• Approved purchases for sound equipment for Union City Civic Auditorium from Lowrance Sound in an amount not to exceed $10,000. Interim city manager Kathy Dillon said the police department will help locate a safe to store the items, since the new purchases are to replace items which have disappeared.
Ms. Dillon said the council will take up the matter of lighting, painting and new curtains for the Civic Auditorium at a later date.
• Allowed Miles School Head Start to add an egress to the building, per the fire marshal’s requirements, in order to add an early Head Start classroom.
• Received a report on the rehab project along Exchange, Church and High streets. Public works director Steve Ladd said bids were opened April 30 and awarded to Ford Construction, which expects to begin in 30 to 45 days. He said the public works department has installed new storm drains where they were needed. He said the streets will be milled down to the gutter before being repaved because most have the asphalt meeting the tops of the curbs.
Pleasant Valley Avenue, from Reelfoot Avenue to the city limits, will also be repaved in this project. Ladd said drainage in that area is especially bad and the water sometimes washes away residents’ property, causing mud in the streets and the gutters.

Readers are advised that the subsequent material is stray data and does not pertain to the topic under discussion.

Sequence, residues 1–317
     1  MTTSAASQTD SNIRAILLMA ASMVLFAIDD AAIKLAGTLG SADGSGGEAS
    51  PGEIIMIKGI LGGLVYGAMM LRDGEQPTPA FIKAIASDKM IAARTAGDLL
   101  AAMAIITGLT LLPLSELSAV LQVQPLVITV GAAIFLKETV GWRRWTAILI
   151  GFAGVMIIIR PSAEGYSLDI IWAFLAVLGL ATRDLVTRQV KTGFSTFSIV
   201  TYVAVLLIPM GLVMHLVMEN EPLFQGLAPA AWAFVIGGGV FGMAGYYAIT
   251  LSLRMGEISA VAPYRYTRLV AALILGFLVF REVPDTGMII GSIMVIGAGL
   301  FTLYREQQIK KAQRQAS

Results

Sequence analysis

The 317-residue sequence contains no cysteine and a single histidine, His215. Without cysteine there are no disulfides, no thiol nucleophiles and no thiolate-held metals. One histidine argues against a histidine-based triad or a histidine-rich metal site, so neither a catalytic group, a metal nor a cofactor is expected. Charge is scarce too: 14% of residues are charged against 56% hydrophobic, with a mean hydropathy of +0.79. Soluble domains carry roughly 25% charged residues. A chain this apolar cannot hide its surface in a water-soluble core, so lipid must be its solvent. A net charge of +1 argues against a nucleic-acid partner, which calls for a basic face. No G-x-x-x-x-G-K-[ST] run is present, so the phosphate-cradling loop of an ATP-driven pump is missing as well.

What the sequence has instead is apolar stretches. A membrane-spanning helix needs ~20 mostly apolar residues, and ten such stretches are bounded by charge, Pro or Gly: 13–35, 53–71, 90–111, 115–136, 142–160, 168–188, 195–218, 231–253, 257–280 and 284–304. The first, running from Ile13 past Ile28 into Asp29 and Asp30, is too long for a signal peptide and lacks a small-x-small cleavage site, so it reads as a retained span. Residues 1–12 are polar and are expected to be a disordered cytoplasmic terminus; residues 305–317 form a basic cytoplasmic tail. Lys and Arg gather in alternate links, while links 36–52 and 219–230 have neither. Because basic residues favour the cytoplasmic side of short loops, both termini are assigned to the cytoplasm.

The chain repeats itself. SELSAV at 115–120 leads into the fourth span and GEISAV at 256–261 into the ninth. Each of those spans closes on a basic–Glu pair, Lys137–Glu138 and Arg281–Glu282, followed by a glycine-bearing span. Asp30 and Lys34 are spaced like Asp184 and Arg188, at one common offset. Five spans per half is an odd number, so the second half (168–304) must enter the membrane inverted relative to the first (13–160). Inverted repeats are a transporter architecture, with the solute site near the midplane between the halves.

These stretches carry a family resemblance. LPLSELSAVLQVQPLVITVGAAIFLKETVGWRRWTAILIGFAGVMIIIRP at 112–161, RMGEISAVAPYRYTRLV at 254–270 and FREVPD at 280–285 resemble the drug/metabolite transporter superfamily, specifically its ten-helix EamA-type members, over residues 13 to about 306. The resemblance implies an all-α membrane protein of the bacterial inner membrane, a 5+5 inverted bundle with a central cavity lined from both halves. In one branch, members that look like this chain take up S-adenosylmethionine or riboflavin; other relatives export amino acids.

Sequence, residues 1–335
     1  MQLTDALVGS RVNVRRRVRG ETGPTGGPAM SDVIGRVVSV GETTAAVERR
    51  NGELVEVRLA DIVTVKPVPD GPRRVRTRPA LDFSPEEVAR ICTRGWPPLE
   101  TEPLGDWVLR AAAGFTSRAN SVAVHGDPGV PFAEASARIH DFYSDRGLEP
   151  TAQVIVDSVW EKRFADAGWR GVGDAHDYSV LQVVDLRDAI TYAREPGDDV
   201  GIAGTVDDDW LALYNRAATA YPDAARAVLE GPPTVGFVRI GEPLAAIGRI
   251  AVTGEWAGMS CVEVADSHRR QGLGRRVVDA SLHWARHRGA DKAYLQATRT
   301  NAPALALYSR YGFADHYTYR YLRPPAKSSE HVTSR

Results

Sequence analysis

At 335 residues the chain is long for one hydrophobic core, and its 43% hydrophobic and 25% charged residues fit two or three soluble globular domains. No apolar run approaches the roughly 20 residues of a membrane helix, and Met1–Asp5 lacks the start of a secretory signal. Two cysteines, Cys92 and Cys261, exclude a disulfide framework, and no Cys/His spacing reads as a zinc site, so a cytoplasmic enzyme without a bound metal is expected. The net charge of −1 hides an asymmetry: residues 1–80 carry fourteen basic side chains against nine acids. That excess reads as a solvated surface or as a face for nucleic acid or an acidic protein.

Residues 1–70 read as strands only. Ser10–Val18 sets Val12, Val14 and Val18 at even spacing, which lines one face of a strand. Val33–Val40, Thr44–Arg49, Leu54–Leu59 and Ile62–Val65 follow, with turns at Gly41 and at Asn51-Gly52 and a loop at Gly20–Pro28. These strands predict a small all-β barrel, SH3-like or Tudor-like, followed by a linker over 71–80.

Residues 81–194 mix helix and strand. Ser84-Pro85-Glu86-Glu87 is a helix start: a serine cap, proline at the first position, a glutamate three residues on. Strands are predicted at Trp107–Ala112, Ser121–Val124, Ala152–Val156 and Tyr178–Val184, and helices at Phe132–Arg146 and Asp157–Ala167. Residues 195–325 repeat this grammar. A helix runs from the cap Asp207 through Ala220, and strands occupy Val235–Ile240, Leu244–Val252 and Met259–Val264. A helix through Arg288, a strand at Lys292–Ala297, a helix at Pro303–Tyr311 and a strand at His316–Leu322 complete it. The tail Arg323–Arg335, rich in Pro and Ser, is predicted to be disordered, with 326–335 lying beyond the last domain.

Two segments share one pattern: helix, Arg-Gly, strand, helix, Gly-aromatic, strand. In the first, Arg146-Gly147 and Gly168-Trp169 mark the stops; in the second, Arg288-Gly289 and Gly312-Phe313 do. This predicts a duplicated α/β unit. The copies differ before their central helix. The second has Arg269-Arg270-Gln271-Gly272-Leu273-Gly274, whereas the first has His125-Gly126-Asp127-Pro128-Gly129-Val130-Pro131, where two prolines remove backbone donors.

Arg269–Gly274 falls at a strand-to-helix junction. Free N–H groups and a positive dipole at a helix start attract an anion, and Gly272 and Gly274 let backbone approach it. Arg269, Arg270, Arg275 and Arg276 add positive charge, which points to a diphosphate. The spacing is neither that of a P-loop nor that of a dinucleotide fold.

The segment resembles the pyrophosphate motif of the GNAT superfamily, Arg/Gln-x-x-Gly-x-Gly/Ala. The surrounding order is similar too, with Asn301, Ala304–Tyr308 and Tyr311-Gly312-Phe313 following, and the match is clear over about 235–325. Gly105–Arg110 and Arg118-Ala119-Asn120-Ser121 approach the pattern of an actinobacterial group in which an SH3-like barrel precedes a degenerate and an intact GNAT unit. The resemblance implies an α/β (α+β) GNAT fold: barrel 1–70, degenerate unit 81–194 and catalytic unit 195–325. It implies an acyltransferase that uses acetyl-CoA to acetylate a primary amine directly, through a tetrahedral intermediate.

Side streets in the areas of Exchange, Church and High streets may be included, depending on the availability of money. The project is being paid for through an 80-20 percent matching grant.
Oct. 31 is the completion date on the contract.
Ladd said the next few months will be extremely busy in these areas and he requests parents watch their children because the pieces of equipment being utilized are dangerous.
• Agreed to allow the mayor to sign a letter supporting Main Street-Union City.
• Voted to accept bids on the demolition of property at 1310 Mercer St.
• Allowed the closure of Nash Street from Dr. Martin Luther King Jr. Drive to Vine Street on June 19 from 10:30 a.m. until 3:30 p.m. for a Kids Day event and the closure of Gibbs Street from Home to Dobbins streets July 9 from 3:30-8:30 p.m. for a family reunion.
• Informed Ms. Dillon the property at Washington and Sixth streets needs to be mowed. Councilman Bill “Rat” Harrison asked how the city gets its money when it mows property. Ms. Dillon informed him a lien is placed on the property. Harrison then asked about the possibility of bringing the person into court. Ms. Dillon said the city does bring people into court but the cases are dismissed.
Glasgow said he would look into what other options the city has in dealing with these matters.
• Questioned the tornado sirens running continuously during recent tornado warnings. Hailey said he thought they were suppose to sound for three minutes, then intermittently throughout the warning period. He said he also doesn’t think the sirens should sound unless the warning is for Union City proper. “There’s no reason to turn them on when its for Lanes Ferry or the Cloverdale area,” he said.
Associate Editor Donna Ryder can be contacted by e-mail at email@example.com.
Published in The Messenger 5.19.10